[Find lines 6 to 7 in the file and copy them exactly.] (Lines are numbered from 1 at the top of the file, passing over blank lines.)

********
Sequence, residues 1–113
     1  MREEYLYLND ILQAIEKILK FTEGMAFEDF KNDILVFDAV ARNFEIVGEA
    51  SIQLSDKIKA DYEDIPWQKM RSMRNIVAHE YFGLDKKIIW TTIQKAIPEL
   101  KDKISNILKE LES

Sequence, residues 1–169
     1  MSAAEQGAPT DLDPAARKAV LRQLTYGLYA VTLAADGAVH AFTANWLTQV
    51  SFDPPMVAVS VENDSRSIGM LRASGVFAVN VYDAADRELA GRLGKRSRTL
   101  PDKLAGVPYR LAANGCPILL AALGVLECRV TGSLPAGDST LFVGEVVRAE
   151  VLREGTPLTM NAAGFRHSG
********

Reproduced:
     1  MSAAEQGAPT DLDPAARKAV LRQLTYGLYA VTLAADGAVH AFTANWLTQV
    51  SFDPPMVAVS VENDSRSIGM LRASGVFAVN VYDAADRELA GRLGKRSRTL